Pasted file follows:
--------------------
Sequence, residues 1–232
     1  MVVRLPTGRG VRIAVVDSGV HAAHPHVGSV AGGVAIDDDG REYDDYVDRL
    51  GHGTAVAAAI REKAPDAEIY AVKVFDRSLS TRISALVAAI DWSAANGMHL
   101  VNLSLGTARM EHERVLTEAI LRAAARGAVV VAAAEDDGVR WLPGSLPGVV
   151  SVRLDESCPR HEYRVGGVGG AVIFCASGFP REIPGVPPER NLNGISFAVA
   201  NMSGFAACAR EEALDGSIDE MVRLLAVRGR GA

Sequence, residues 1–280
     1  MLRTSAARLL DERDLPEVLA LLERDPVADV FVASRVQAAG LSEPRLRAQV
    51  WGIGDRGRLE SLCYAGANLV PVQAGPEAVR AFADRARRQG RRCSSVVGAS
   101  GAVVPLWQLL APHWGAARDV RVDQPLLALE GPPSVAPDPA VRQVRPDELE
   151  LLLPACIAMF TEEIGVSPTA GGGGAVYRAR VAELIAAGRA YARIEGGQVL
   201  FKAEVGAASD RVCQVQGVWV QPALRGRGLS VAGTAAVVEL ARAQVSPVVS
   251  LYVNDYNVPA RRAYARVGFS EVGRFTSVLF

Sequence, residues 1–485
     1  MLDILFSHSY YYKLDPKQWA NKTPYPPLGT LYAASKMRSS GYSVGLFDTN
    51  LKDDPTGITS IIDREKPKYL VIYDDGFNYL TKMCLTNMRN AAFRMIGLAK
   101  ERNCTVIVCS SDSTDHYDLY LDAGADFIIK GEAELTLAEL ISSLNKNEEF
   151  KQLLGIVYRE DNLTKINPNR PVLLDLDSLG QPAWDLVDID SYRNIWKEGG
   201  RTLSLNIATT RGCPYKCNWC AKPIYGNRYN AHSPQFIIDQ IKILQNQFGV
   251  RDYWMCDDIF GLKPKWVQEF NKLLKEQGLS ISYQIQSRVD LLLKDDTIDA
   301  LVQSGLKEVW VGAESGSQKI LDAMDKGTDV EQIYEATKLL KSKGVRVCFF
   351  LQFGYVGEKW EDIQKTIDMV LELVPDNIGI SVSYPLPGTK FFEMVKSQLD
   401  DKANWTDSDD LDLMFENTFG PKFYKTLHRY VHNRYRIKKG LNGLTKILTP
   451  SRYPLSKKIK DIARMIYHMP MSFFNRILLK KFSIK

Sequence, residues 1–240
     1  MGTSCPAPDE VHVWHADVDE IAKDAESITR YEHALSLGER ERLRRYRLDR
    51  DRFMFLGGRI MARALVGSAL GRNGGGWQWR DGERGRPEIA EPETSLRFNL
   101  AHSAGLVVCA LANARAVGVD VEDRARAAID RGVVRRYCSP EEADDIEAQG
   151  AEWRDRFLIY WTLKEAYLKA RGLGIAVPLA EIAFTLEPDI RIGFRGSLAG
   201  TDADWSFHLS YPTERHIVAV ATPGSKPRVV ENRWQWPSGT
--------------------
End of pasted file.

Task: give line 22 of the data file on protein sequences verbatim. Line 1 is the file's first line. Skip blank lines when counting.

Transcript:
   351  LQFGYVGEKW EDIQKTIDMV LELVPDNIGI SVSYPLPGTK FFEMVKSQLD